Tram Road Wastewater Reuse Facility
The $4.6 million Tram Road Reuse Facility (TRRF) is the first in the region to provide reclaimed or recycled wastewater for irrigation of public areas, such as golf courses and roadsides. It has been nearly 10 years in the making and represents a successful partnership between the City's Water Utility, the Florida Department of Environmental Protection (FDEP), the Northwest Florida Water Management District (NWFWMD) and the St. Joe Company.
"The reuse facility represents our ongoing commitment not only to protecting the environment, but also to enhancing natural resources and our quality of life," said Mayor John Marks. "This important project, which began nearly a decade ago, will help conserve drinking water in the Floridan Aquifer and preserve area ecosystems."
The Tram Road Reuse Facility is the first water reuse facility in the region, and supplements the more than $200 million City commitment to wastewater treatment improvements to further protect groundwater and our area treasures like Wakulla Springs.
The 1.2 million-gallon-per-day plant will take a portion of the treated wastewater bound for the City's Southeast Farm facility and add additional treatment so the reclaimed water can be used for irrigation purposes at the SouthWood Golf Club, the Capital Circle Office Complex, athletic fields at the Florida State University Developmental Research School (Florida High) and Pope John Paul II High School as well as medians and landscaping along Capital Circle Southeast. Future plans include expanding the availability of recycled water to other areas of the community, as feasible.
The facility is part of the City's commitment to using treated wastewater in innovative and environmentally sensitive ways. It is in addition to the City's $160 million plan to implement advanced wastewater treatment and other improvements to protect area groundwater and natural resources such as Wakulla Springs.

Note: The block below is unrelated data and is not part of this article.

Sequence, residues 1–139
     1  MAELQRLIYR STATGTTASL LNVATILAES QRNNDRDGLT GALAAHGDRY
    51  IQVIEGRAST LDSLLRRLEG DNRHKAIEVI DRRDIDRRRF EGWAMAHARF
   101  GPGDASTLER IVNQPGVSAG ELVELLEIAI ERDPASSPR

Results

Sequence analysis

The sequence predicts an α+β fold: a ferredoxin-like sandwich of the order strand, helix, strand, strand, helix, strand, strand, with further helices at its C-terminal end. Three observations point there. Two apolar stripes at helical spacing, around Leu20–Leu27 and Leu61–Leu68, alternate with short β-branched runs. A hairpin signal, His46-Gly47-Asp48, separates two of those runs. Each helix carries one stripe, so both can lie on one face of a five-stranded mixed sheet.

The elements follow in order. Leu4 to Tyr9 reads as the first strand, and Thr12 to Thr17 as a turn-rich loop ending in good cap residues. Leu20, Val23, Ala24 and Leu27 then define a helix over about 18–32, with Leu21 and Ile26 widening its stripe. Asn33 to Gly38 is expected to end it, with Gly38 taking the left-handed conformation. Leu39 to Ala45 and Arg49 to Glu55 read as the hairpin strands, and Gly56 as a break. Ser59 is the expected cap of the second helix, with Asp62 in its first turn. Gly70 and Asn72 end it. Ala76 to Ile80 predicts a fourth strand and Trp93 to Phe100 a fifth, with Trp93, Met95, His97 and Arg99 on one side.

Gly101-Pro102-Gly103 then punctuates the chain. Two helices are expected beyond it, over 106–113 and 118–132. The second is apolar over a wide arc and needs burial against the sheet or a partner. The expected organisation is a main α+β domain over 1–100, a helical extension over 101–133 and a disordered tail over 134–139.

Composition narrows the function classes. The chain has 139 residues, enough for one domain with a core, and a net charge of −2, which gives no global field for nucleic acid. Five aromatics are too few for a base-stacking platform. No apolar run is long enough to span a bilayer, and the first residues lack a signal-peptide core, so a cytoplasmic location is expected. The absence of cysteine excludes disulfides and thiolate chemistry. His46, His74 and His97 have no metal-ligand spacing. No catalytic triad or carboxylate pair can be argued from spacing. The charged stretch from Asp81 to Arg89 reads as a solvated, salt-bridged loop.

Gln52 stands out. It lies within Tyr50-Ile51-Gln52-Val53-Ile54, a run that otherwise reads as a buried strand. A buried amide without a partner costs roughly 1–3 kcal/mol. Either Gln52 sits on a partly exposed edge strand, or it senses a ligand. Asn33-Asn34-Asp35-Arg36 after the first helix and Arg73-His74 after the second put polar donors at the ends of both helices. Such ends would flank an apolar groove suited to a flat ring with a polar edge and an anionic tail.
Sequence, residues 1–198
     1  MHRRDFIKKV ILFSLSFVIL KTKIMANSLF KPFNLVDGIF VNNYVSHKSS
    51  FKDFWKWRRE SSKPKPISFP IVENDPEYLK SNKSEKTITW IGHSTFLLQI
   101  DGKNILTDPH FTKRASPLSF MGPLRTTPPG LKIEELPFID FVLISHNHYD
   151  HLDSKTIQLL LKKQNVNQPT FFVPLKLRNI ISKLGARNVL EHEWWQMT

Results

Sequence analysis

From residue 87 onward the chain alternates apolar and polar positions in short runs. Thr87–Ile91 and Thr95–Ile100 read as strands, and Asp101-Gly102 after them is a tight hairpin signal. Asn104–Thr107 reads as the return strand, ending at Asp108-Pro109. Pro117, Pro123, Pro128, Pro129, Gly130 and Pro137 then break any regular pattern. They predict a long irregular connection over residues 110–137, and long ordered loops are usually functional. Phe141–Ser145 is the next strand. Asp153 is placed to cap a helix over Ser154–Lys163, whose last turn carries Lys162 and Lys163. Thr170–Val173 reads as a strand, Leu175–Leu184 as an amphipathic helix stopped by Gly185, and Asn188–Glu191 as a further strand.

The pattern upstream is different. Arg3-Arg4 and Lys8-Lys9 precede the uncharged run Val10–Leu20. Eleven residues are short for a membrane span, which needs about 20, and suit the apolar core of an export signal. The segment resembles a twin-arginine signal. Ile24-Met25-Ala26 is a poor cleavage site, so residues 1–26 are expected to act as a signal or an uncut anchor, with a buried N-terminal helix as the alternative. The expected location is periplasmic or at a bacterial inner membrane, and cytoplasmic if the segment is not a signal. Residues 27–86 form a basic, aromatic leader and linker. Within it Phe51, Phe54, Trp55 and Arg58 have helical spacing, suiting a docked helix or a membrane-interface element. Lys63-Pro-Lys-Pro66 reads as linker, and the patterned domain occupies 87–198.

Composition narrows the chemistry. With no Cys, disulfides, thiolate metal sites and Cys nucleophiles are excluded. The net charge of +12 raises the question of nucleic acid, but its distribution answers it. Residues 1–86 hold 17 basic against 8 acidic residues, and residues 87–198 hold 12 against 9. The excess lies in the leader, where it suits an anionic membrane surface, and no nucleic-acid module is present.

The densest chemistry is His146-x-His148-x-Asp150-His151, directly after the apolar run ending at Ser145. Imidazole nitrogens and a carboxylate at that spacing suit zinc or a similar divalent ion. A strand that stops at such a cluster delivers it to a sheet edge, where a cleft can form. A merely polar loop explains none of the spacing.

Frequently Asked Questions
- How will TRRF supplement Wastewater Treatment?
The 1.2 million-gallon-per-day plant will take a portion of the treated wastewater bound for the City's Southeast Farm facility and add additional treatment so the reclaimed water can be used for irrigation purposes at the SouthWood Golf Club, the Capital Circle Office Complex, athletic fields at the Florida State University Developmental Research School (Florida High) and Pope John Paul II High School as well as medians and landscaping along Capital Circle Southeast.
- What is "Reclaimed Water" or "Water Recycling"?
Water recycling refers to capturing wastewater from our sinks, washing machines, baths, etc., treating it to an advanced level and reusing it for a new and beneficial purpose. Reclaimed water is ideal for plant irrigation and other commercial/industrial uses.
- What will the reclaimed water be used for?
Irrigation for golf courses, athletic fields and landscaping.
- What can't reclaimed water be used for?
Cooking or drinking
Body-contact recreation (including swimming pools)
Irrigating vegetable and herb gardens (unless a drip or bubbler system is used)
- How is the reclaimed water distributed?
Reclaimed water is always distributed in separate lavender (light purple) pipes to distinguish it from potable water.
- What is the City of Tallahassee's Wastewater Treatment System?
The City of Tallahassee's sanitary sewer collection system is comprised of approximately 675 miles of gravity pipe and is connected to over 15,000 manholes. The gravity system is supported by over 85 pumping stations using approximately 100 miles of force main.
This sewage system transports raw sewage from the homes and businesses in Tallahassee to one of two wastewater treatment facilities- the Lake Bradford Road (LBR) Wastewater Treatment Facility or the Thomas P. Smith Water Reclamation Facility. These pipes that carry sewage are completely separate from the system that carries potable water and separate from the stormwater system.
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